Last week’s Art Journal Adventure prompt was “puzzled’. It took me the entire week to find time to sit down with my art journal as all my free art time has been spent on Inktober and my contribution to the Brooklyn Art Library Sketchbook project (which you can see on my other blog). By that time, however, my creative cogs had been turning for long enough for me to have arrived at an idea. I decided that I would create a self-portrait because sometimes I am a puzzle to myself and, like a jigsaw puzzle, I am made up of many different pieces. Taking that idea further, I decided that my substrate should be a collaged layer of pieces of paper. And taking that idea further still, I thought it might be fun to break my face down into elements of shapes and forms rather like a Picasso portrait. I remember as a child that the thing I found most engaging about Picasso’s art was the way that my eye could take in all of the information and my brain would then reconfigure everything so that I could understand what I was seeing, what was being portrayed. It was like resolving a visual puzzle.
Colourful Picasso Drawing
I am back from vacation (more of which soon!) and am trying to catch up on some of the art lessons and art time I missed out on while travelling. It is impossible for me to catch up entirely so I have determined I will do 50% of the missed lessons and journal prompts. That way it forces me to eke out some art time during this busy summer while not putting me under pressure.
I chose this Life Book lesson because it looked like I could easily fit it into a small chunk of time. I did it in three stages – gesso, drawing, painting – but in total it probably took me about half an hour. In the lesson, Misty Mawn used Picasso’s line drawing of a female head, part of his War and Peace series. Normally I would do my own thing but a) I have always loved this Picasso drawing and b) I needed to just crack on with the art so this time I decided to use the same drawing as my starting point. The drawing – done with Neocolor II crayons – was quick to do. The final stage was also quick and easy as I simply filled in the shapes with white paint, blending the crayon. I usually use Neocolor as a layering element in mixed media pieces or as a sort of watercolour so it was new to me to use them to tint white paint. I think I will use that technique again.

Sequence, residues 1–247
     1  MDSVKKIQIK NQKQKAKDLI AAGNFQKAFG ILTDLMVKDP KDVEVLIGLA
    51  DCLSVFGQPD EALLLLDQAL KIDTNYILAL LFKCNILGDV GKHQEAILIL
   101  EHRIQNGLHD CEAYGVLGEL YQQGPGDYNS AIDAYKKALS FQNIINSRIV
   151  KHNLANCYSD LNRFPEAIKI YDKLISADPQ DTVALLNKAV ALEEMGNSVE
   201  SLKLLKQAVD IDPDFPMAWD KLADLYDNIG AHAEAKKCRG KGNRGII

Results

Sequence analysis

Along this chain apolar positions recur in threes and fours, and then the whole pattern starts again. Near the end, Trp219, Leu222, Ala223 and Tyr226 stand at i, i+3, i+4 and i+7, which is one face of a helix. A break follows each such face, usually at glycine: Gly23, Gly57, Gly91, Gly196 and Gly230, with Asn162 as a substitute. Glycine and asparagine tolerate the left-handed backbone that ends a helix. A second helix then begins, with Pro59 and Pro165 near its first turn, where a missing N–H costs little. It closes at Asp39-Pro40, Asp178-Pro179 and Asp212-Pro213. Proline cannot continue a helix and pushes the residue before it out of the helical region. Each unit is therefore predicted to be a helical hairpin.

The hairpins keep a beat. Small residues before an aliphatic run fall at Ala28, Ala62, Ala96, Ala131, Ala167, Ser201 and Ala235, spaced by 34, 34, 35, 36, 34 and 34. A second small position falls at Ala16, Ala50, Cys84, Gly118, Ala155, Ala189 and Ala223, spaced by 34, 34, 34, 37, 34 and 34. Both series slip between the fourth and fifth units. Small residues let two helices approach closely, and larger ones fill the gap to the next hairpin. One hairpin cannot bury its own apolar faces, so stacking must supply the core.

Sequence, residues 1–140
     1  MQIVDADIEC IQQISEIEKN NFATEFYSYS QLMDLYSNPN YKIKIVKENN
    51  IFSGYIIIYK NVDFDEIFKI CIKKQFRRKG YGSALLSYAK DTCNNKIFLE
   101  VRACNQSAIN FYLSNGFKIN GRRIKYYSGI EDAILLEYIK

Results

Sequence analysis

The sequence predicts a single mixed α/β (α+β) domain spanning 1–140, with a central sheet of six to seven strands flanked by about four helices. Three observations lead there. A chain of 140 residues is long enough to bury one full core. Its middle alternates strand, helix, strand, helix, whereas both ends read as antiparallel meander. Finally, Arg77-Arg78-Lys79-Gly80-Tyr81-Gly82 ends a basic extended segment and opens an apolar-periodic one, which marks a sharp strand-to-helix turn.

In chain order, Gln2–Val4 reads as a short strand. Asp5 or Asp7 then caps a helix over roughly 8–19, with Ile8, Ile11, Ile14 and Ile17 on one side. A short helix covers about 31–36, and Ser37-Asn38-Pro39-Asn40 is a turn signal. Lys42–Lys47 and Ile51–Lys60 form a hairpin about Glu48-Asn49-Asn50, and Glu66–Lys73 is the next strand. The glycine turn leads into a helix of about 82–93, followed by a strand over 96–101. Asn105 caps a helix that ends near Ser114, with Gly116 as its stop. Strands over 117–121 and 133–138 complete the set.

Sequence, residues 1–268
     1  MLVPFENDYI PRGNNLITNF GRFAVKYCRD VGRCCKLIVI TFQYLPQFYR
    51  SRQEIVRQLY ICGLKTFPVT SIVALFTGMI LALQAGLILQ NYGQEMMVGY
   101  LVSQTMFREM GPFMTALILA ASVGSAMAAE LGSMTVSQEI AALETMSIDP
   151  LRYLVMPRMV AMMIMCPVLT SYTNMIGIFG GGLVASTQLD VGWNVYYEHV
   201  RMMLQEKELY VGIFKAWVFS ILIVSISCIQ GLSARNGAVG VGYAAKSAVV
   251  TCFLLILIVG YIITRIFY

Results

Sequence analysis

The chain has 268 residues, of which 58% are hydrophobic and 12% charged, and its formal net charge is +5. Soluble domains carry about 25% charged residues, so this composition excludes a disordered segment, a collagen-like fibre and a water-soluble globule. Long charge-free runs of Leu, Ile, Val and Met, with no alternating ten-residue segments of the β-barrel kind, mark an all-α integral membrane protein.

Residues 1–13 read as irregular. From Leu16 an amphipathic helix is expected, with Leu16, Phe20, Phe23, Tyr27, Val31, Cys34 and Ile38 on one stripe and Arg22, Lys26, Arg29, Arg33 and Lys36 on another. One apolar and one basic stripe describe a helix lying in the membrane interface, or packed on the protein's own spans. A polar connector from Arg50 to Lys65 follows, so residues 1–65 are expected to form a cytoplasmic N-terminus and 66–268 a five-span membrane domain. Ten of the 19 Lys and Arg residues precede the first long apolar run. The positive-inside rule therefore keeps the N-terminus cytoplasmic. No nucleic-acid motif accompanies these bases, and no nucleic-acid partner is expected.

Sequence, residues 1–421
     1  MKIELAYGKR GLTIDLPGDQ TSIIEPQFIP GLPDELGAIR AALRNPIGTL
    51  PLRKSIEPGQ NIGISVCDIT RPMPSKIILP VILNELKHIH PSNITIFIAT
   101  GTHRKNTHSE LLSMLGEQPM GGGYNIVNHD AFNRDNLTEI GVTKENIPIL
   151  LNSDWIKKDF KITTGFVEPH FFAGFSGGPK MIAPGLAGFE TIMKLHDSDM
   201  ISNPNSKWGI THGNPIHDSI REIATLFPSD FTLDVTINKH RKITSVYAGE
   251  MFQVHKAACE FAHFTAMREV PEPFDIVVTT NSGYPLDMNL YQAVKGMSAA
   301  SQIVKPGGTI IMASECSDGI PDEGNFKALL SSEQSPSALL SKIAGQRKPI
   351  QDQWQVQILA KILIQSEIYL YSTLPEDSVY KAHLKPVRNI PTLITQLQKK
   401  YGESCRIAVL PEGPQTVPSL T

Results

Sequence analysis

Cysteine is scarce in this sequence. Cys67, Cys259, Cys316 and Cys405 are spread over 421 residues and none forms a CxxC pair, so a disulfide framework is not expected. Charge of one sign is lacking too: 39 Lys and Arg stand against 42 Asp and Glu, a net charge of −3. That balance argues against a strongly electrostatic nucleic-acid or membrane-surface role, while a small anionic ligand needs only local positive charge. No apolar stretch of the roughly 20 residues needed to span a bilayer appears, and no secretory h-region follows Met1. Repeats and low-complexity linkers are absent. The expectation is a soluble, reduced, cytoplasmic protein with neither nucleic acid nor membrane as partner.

The boys loved our Picasso studies last Summer so were very happy when they pulled a slip of paper from the pot luck box inviting them to draw a favourite book, film, or television character in a wonky Picasso style. There is definitely something very liberating about not having to worry about accuracy of shapes and proportions when constructing a character. The key to this activity was, therefore, keeping enough of the character that would enable them to be recognisable while simultaneously having fun with the composition and shapes.
My 10 year old comic book nerd chose to draw Wolverine before and after being Picassoed. My 9 year old chose to draw Predator because he knows that Predator is one of his Dad’s favourite characters from the movies and graphic novels. My 13 year old and I both drew Harry Potter and it was fun to compare our different versions of the same character. My 7 year old chose not to draw a fictional character and instead drew a Picasso portrait of our tripod cat, Satchi.
History of Art #24 – Picasso
It was a lot of fun to teach the boys about Picasso as part of our History of Art project. It is possible to be really playful with Picasso plus not having any worries about even attempting verisimilitude meant the kids were much less inhibited. Guernica is my favourite Picasso painting so we spent some time looking at the details of that painting, the impact of the tangle of figures and the way they conveyed messages about the chaos of conflict, the emotions of anguish and suffering. We then looked at some portraits and the composition of the features so that they appear familiar and yet awry simultaneously. That then became the inspiration for our creative responses to the lesson.
I demonstrated with some quick sketches. I asked the kids to suggest some animals and then I produced rapid drawings with wonky features.
My 9 year old produced a drawing of a man. The eyeball in the middle of the bearded chin is effectively disconcerting.
My 8 year old drew Robin. I think it’s brilliant.
My 12 year old predictably opted to draw a penguin and his penguin is flanked by a peculiar looking seal and a narwhal.
My 6 year old took a completely different approach and drew a diagram of choosing the different components to make up a human figure. I love his imagination.
I painted a self-portrait as my response to the Picasso lesson and had a lot of fun doing so. It is definitely quite freeing to not be concerned about the accuracy of proportions and shapes.
You can see my Picasso Bunny by hopping over to my art blog.